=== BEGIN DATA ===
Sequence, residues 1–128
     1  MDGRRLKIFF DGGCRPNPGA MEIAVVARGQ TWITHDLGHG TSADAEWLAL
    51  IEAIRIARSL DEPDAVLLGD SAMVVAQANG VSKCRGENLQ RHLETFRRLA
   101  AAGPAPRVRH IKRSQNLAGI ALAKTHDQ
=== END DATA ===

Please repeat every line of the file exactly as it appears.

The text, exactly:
Sequence, residues 1–128
     1  MDGRRLKIFF DGGCRPNPGA MEIAVVARGQ TWITHDLGHG TSADAEWLAL
    51  IEAIRIARSL DEPDAVLLGD SAMVVAQANG VSKCRGENLQ RHLETFRRLA
   101  AAGPAPRVRH IKRSQNLAGI ALAKTHDQ